Dalal Street is a good place for the ‘Big Short’. That observation comes from market veteran Samir Arora, who says his investment outfit has good money in short positions.
Arora operates out of Singapore.
“Since 2005, my financial advisory firm Helios Capital has made 25 per cent of money on shorts and 75 per cent money on longs,” Arora said.
The engineer-turned-management graduate and Wharton alumni says he is always around 25-30 per cent short on India all the time. “We have shorted consumer names with very high P/Es,” he said.
In investing, shorting is a technique used when an investor anticipates that the value of a security will drop in the short term, perhaps in the next few days or weeks. The intent here is to borrow the stock for sale at a high price, then buy them back later at a lower price to return it to the lender.
Arora said shorting is not always done because one thinks the market will fall. “Short is done because you believe it cannot go up to trouble you,” says he.
At the height of Covid pessimism in March, as domestic stocks crashed, Sebi clamped down to restrict short-selling to the amount of shares held by investors, for both foreign and domestic players, in an attempt to curtail ‘excessive speculation’ which it said was causing sharp volatility in the market.
These measures were in force from March 23 and till May 28, a period that saw benchmark BSE Sensex recover nearly 30 per cent from its low point.
Arora says the “random bad” is very high in the Indian market, which is what makes it a fertile ground for short trades. He cited one instance in which he made money by shorting a telecom stock from Rs 200 level to Rs 6 in the recent past.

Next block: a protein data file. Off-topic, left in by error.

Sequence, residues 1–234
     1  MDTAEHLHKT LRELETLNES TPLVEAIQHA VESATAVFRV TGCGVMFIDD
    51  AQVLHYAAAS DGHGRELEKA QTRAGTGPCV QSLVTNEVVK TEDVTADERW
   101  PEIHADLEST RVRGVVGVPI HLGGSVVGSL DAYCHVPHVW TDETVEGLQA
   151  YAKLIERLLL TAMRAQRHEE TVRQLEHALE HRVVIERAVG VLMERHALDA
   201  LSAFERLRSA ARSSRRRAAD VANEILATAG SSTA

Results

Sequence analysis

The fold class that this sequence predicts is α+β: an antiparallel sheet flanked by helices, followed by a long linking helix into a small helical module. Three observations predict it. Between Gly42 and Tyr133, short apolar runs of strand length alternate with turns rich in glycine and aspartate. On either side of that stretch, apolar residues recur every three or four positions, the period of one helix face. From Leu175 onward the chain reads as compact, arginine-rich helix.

Arora previously served as Chief Investment Officer and Head of Asian Emerging Markets with Alliance Capital Management.
Speaking at a webinar organised by Nirmal Bang Securities over the weekend, Arora said he is happy that Indian benchmark indices are up nearly 35 per cent from March lows, but is confused why they are up so much. “I don’t think they should be up that much. There is no strong defence behind the sharp trend reversal,” he said.
He is not alone questioning the breakneck rise in the equity benchmarks at a time when macroeconomic fundamentals look so bleak and uncertain. India’s GDP growth hit an 11-year low in March quarter, Moody’s last week downgraded India’s sovereign rating to the lowest of investment grades and India’s border with China remains tense amid a continuous spike in Covid-19 cases.
Data showed nearly 88 per cent stocks on BSE have delivered positive returns to investors since March 24, with 123 of them doubling their prices in this period.
The robust gains are not limited to the Indian equities alone. Wall Street hit new highs on June 5 and the Nasdaq breached its all-time closing high of February after a strikingly upbeat May jobs report provided the clearest evidence yet that the US economy is headed for a quicker-than-anticipated recovery.
Comparing Indian and US markets, Arora said, there are so many stocks like Zoom, Netflix and Amazon in the US which are direct beneficiaries of Covid disruption. But in India, we are focusing on companies which are least affected. “Yet, some of the companies in India are up like they are the biggest beneficiaries of the lockdown,” he said.
Sharing his thoughts on investment options and valuations, Arora said asset management companies do not deserve the valuations they are quoting at currently. However, life insurance as a sector looks okay to him due to under-penetration and the prospects for market share gain.
The market veteran said by being able to clinch back-to-back deals, Reliance Industries has raised the saleability of the Indian market to a new level.
“Reliance has made lucrative deals during the lockdown. This truly made a big difference to India and increased saleability of our market,” says he.
RIL’ Jio Platforms has raised Rs 97,885 crore from global players including social media giant Facebook, Abu Dhabi-based sovereign investor Mubadala, private equity Silver Lake, KKR, Abu Dhabi Investment Authority, General Atlantic and Vista since April 22.
Shares of RIL scaled a record high of Rs 1,624 on Monday, indicating a 87 per cent rise from the 52-week low of Rs 867 hit on March 23.